The process is not very fun, actually. There's relatively little pleasure involved. Of course there are some points that are useful and educational, especially in terms of reflection. For example, working to collect all the different documents helps me remember all the different assignments and activities, the different pedagogies and approaches, as well as just how much many of my students have accomplished. Collecting all those documents reminds me of just how paperwork centered this approach to tenure is--and that kind of bothers me, actually.

While tenure varies from school to school, where I work it is a five year process. I'm in my fourth year, so I go up for tenure next year. What does this have to do with digital writing? It has a lot to do with it. I'd rather be creating and writing up a digital portfolio for my tenure than assembling endless PDFs and word documents in a two inch binder. But I'm not going to do that. 

To my knowledge, perhaps one other professor on campus has submitted an electronic portfolio--and that was in a different division. I know of nobody else who has attempted to submit a digital portfolio. Frankly, I do not want to be the guinea pig, not when tenure is at risk. I feel like I should take that risk because #edtech is my field and because of what I teach on a daily basis; however, the economic realities of educational debt, mortgage, and health care keep me traditional. I'm not going to take that kind of risk.

There are additional mitigating factors. First, my Division and my Dean have been pretty supportive of my work, interests, and research. However, being supportive and encouraging of research and activities is very different from accepting an entirely new format for tenure binders. That's like being willing to eat Thai for lunch, but just because you enjoyed the meal does not suddenly mean that you are going to switch over to only eating Thai food. I realize that's pushing the comparison, but that's certainly how it feels. So while my people are supportive, I just don't know how well this would go over.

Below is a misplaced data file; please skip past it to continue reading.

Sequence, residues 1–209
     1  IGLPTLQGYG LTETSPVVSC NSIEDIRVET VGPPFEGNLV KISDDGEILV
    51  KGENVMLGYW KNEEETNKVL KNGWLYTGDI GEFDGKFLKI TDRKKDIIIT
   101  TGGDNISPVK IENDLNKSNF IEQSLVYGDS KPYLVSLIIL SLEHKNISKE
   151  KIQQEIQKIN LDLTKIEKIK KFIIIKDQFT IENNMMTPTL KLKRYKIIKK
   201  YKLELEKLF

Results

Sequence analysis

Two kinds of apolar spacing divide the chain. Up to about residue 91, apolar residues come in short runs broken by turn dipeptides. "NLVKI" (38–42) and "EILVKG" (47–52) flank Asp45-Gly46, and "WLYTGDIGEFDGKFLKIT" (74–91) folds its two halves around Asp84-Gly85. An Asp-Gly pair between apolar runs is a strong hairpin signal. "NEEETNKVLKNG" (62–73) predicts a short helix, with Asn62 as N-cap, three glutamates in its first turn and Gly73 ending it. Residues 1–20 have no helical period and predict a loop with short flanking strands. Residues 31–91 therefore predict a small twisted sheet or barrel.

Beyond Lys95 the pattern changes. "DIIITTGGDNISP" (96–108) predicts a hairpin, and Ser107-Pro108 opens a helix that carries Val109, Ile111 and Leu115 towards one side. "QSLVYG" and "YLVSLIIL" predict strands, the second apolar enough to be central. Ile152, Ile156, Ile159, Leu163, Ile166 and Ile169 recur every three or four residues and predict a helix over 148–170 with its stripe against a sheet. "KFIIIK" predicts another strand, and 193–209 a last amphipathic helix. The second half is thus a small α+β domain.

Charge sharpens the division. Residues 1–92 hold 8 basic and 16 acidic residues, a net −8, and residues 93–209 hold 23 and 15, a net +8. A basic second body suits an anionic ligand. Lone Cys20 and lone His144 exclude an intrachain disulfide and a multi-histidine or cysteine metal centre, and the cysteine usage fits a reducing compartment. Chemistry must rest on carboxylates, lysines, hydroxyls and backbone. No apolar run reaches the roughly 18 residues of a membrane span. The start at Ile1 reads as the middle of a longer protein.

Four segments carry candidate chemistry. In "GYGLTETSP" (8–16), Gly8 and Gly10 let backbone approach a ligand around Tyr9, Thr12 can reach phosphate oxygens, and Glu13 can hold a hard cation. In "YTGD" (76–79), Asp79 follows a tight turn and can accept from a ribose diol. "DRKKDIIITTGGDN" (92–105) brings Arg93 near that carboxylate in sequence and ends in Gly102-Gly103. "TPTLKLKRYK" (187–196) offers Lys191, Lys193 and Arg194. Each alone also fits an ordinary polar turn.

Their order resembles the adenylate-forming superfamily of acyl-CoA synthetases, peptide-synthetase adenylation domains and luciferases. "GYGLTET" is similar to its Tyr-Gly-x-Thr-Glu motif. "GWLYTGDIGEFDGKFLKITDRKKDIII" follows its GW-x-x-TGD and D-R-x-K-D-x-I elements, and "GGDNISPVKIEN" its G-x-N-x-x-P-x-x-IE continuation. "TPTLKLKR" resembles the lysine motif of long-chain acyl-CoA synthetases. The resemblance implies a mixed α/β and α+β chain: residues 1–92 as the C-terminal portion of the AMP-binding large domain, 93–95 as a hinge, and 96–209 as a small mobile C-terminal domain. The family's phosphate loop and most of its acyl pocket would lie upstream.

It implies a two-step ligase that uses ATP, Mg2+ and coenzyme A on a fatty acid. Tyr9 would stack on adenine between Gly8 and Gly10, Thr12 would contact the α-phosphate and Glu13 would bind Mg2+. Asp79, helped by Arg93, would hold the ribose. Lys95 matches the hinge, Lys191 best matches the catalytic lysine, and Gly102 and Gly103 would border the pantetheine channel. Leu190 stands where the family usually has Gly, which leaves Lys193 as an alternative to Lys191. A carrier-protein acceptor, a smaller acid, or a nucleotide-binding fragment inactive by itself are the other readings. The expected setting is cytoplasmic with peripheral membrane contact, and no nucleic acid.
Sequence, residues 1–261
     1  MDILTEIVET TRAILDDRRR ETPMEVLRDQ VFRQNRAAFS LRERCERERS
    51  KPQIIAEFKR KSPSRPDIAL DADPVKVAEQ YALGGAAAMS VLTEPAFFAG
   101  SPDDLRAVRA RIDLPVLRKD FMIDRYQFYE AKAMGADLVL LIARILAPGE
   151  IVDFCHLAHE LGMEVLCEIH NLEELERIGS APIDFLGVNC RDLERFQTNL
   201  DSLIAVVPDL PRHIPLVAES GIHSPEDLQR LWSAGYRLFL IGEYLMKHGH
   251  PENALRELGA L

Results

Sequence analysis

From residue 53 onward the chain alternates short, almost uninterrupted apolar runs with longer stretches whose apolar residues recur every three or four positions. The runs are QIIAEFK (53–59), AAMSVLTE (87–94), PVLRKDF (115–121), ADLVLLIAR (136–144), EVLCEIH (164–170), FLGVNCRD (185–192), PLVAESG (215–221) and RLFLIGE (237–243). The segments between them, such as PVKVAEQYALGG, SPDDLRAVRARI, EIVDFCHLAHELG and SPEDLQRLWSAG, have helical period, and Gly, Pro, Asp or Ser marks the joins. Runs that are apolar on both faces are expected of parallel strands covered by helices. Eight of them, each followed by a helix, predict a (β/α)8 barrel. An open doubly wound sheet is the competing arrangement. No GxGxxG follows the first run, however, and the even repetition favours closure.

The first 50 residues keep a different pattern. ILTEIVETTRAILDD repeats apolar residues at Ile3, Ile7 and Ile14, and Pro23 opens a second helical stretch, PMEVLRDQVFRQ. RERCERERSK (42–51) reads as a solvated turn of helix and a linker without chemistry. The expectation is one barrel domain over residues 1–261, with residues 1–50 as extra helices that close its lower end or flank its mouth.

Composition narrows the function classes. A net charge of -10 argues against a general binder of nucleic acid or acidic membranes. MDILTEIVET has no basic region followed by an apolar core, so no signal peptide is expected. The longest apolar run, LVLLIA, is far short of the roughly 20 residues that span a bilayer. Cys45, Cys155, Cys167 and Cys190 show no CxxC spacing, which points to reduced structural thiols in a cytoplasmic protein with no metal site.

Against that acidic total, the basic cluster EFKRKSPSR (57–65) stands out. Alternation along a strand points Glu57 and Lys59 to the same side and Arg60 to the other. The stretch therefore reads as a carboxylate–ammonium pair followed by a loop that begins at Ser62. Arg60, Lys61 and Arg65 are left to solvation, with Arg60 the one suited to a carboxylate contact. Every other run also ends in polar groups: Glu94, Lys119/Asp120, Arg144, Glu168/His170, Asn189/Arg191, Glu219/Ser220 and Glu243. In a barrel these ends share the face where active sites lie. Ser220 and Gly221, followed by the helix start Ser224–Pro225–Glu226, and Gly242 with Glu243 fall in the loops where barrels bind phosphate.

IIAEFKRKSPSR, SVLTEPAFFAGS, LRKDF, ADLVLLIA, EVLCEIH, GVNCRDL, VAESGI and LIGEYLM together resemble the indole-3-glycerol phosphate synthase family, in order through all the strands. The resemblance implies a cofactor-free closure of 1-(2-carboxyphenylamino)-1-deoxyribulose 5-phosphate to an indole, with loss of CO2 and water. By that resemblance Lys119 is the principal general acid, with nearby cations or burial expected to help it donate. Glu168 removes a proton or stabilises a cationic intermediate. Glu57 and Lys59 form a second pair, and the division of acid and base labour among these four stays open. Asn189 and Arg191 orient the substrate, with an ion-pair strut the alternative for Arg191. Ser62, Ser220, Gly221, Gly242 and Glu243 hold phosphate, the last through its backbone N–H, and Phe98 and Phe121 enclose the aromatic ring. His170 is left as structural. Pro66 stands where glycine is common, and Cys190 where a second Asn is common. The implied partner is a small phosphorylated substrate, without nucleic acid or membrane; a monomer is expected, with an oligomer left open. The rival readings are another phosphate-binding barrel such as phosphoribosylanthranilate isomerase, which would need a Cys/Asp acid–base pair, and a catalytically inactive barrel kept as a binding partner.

Outside of our college is administration, and they seem more traditionally minded about tenure than my college does in the sense of tenure expectations and portfolio. 

So, going back to basic economic realities, innovation is set down for safety and security.

Reflection on Writing for #hpj101

One part of the #hpj101 project was writing a reflection on how we see writing. This was my reflection.

My writing process is iterative. From what I can tell, it’s pretty darned iterative for most people. But for a few geniuses, everyone has to revise and rewrite, and that’s before the text goes to the editor, the publisher, or the colleague. Iterativity is central. I’d argue that iterativity is writing’s essence.

At the start of the writing cycle there’s generation. I love this part. Full body highs, hairs standing on end, endless ideas racing, can’t type fast enough even though I’m rocking 4,000 words an hour. Smell that caffeine? Yo, I don’t need it. Text buzzes me hard. And yeah, a lot of it is shit, but some of it’s pretty tight too. You know why it’s tight? Because it’s authentic, and I can draft words like “tight,” include references to Repo Man, and present myself as an angry faggot ally to the Black Panther Party--even if it’s only for a moment. In generation, my ideas become embodied. They live and take form. Just like mist or an iris’ scent, though, that power is present and then gone. I have any voice that I can summon and type.

Into revision. Oh land of the dopest dope, that is not revision land. But revision land is where I know I must workout. Otherwise the endless intellectual sides of cold fries will just make my text lardy and then die of a heart attack (reader drops it like a smelly, luke-warm fish). So I work out emotionally, textually, intellectually. These workouts bring focus to my piece. Tens of thousands of texts have been written on revision. But revision is quite simple: it is our work.

Revision usually means I drop my Walter Middy delusions of being a BPP ally and, more realistically, know that I’m a privileged gay white guy that’s trying to reduce white privilege and power abuse in my college and my environment. Revision means dehyperbolizing my text and turning two-dimensional macho performances into loving relationships with texts that know cuddling.

Everything else beyond that is a hybrid of generation or revision. Edits are revision. Grammar is revision. Editors generate, if they rock the casbah, and revise. CFPs generate ideas. Forums generate ideas. Conversations generate ideas.

In the center of all this is the rhizome. Sure, I’ve been playing that card a lot, and I know the concept’s been floating around a lot, but so what. It’s real. The concept and reality work. And that rhizome is relationship and relationships.

Generation and revision of texts are ways of relating with ourselves and others. The text we create can and does reshape how we see ourselves, how we be, and how we live. When we and our texts interact, we can choose to put our text or our relationship first--or we can put them together and say, “This is me.”